You’ve probably heard the saying, “God gave us two ears and one mouth”. The point is: we should listen twice as much as we speak. The Apostle James came to this conclusion when writing his epistle:
James 1:19 Know this, my beloved brothers: let every person be quick to hear, slow to speak, slow to anger…
This translation comes from the ESV (which stands for the English Standard Version). But the CAV (Culturally Acceptable Version*), would probably say:
James 1:19 Know this, my beloved brothers: let every person be slow to hear, quick to speak, quick to anger…
You’ve probably seen this in your family or church. We can get upset over a simple misunderstanding. But once we’re hurt, we find it hard to mend the relationship – because to admit that we misunderstood the person involves taking the blame for not listening.
In one of the Bible study groups I am a part of, we are doing a training course entitled 6 Steps to Talking About Jesus. It’s a helpful course, I recommend it. But it got me thinking: I wonder if Christians need to be trained, not only in what we are to say, but also in our how we are to listen?
What is humble listening? Put simply, it is listening to others lovingly. Listening to others patiently. Listening to others with the quiet confidence that comes from the peace of the Lord Jesus, knowing that we don’t have to win the conversation, or necessarily voice our disagreement. Most important of all, it is listening whilst knowing that I am a desperate sinner who is in desperate need of the grace of God found in the Lord Jesus Christ, of which without I am lost.
This listening means that if I speak with either a Christian brother or sister who has, for example, a different view of election and predestination, or if I speak with an unbeliever who believes in both a whole lot of everything and a whole lot of nothing at the same time; that I can be in a position where I can chose my words carefully and prayerfully for that person’s good.
It is perhaps a weakness of Evangelicalism in that we, evangelical Christians, are often too tough with each other, too tribal, and sometimes too quick to be adversarial. We’re just not that great at loving each other, and sadly, I have seen this too often when discussing secondary doctrinal matters. It works in cycles, when people first argue their own positions, before throwing out scriptural references, and then appealing to their favourite ‘paper-pope’ (i.e “Well according to Don Carson/Mark Dever/Francis Chan/Bishop [insert name here]”. In this, often intense, process, no-one is built up, no-one is encouraged or edified, and an unhealthy impasse is reached where neither person has learnt anything except concluding that they are right.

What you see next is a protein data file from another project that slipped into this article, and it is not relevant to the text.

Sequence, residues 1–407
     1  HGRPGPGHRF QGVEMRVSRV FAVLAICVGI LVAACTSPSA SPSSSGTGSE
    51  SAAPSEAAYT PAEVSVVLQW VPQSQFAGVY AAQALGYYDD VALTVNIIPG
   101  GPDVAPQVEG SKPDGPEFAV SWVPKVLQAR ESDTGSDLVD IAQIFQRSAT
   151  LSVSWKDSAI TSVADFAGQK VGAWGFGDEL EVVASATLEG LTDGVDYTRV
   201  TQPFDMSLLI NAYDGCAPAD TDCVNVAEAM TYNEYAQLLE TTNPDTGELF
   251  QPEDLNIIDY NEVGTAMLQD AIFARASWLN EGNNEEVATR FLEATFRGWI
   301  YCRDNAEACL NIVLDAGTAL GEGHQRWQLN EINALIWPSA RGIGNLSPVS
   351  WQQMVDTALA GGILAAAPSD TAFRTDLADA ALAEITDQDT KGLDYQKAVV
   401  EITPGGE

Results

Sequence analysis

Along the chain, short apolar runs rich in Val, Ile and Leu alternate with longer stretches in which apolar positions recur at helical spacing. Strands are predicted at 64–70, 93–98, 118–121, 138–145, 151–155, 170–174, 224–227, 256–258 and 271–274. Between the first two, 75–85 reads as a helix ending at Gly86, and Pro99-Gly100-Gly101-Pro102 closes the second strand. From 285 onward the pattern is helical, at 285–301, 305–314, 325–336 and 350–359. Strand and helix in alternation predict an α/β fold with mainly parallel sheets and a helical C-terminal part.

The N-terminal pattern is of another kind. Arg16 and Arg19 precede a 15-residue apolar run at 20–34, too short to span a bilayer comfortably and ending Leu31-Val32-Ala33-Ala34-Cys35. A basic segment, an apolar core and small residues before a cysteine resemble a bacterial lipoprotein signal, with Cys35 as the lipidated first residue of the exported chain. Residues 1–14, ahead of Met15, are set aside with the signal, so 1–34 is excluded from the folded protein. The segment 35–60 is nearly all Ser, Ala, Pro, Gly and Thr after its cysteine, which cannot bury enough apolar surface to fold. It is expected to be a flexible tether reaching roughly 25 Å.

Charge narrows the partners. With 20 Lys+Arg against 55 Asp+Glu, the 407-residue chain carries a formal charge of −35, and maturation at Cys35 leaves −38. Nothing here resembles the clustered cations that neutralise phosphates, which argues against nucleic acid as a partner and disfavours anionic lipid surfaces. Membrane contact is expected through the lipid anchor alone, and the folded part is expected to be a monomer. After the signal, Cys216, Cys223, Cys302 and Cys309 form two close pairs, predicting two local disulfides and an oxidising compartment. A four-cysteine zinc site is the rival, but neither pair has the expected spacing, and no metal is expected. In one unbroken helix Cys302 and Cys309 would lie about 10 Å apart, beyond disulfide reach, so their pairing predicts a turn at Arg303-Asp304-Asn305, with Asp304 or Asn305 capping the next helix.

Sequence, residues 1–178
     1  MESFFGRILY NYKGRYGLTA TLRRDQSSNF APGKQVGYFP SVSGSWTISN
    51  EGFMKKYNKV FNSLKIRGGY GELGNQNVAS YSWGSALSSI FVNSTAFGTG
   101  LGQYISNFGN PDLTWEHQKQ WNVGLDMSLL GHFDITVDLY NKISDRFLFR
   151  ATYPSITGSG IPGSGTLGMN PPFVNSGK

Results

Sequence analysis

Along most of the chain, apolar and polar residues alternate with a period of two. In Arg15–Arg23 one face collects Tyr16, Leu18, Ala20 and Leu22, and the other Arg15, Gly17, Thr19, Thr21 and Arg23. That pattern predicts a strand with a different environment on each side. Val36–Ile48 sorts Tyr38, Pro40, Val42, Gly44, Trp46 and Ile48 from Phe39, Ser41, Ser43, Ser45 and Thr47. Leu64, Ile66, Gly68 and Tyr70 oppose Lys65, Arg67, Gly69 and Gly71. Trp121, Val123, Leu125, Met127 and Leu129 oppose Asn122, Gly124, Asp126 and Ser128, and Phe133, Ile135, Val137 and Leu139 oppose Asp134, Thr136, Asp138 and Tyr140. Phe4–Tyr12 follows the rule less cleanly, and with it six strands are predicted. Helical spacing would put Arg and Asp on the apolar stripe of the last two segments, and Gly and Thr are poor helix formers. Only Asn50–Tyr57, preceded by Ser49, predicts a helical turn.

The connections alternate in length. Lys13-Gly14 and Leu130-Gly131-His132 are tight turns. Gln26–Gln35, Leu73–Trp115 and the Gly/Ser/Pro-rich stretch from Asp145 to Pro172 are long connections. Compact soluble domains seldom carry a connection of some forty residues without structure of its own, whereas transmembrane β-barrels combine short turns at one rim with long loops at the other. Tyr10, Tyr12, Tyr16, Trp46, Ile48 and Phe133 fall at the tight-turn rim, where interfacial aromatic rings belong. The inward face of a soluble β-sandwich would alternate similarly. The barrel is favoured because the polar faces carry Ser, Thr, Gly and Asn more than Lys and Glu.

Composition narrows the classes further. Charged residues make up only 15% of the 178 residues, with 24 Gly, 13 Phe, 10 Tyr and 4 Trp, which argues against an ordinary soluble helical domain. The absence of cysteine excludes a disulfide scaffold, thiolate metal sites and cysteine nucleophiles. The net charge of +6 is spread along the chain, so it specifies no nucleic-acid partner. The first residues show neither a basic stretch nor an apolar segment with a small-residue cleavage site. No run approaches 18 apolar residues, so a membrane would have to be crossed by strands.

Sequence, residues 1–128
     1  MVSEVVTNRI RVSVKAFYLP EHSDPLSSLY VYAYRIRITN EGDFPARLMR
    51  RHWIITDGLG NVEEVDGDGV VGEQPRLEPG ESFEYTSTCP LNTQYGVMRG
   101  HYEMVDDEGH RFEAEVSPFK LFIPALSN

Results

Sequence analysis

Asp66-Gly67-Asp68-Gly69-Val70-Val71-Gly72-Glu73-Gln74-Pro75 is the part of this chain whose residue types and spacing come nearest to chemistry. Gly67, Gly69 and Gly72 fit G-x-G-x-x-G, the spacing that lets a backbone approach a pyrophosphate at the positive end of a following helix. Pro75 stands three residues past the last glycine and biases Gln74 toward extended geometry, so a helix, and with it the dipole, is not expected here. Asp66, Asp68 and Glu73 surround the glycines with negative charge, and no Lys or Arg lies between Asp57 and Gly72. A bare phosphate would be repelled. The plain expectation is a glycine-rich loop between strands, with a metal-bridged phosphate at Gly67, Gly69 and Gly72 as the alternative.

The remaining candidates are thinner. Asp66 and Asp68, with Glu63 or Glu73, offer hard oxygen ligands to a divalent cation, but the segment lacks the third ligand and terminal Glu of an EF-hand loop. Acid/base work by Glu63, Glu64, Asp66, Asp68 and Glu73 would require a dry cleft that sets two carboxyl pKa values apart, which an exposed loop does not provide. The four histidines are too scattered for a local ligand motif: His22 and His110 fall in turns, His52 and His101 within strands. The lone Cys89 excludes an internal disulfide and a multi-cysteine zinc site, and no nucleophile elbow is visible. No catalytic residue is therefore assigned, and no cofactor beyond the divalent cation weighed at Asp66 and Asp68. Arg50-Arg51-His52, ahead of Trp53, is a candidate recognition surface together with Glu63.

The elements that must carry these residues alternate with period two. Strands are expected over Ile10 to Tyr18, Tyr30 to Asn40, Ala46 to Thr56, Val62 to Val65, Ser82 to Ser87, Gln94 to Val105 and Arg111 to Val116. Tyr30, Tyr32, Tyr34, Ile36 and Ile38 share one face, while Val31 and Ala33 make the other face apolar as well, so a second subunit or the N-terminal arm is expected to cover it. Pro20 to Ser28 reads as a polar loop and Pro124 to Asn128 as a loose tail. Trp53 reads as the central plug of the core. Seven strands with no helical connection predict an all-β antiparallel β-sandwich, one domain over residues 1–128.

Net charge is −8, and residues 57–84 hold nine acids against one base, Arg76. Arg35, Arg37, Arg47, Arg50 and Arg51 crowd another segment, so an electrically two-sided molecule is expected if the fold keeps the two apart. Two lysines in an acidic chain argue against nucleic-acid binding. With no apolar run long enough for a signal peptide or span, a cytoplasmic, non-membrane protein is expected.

Of course we must take the word of God seriously and hold to the truths that lay within scripture. But it’s the Word of God which is inerrant – not us! Humble listening accepts that we might be wrong. Humble listening prevents us from feeling threatened or worried about being wrong, and furthermore, it means that we are teachable listeners, open to being lovingly corrected if we are wrong.
Being a humble listeners means that we are patient, it means we can listen and relax and not feel that it is our duty to respond with a theological riposte to a perceived threat, it also means that we can display the fruits of the Spirit more thoroughly.
In my own Christian life, I now hold views on certain doctrines that I did not hold to when I was in my late teens and early twenties. At that time I held views that, although not contrary to the fundamental issues, were wrong and I am grateful for the corrections that I have had. Although they were hard to take at the time, had I adopted the practice of humble listening, it would have been less painful and difficult.
One of my heroes, John Newton, had his fair share of doctrinal disputes, and this is what he said in this matter:
I have been thirty years forming my own views; and in the course of this time, some of my hills have sunk, and some of my valleys have risen: but, how unreasonable within me to expect all this should take place in another person, and that, in the course of a year or two” (Cecil, Memoirs of the Rev. John Newton, p.101)
John Newton was a humble listener, and he was a patient listener.
There is no doubt that humble listening is hard. Yet this is something that, as cross carrying, followers of the Lord Jesus Christ (Luke 9:23), we’re expected to do. Listening is a mark of discipleship, it is an expression of how we love fellow Christians (and show the world that we are His disciples).
* translation may not actually exist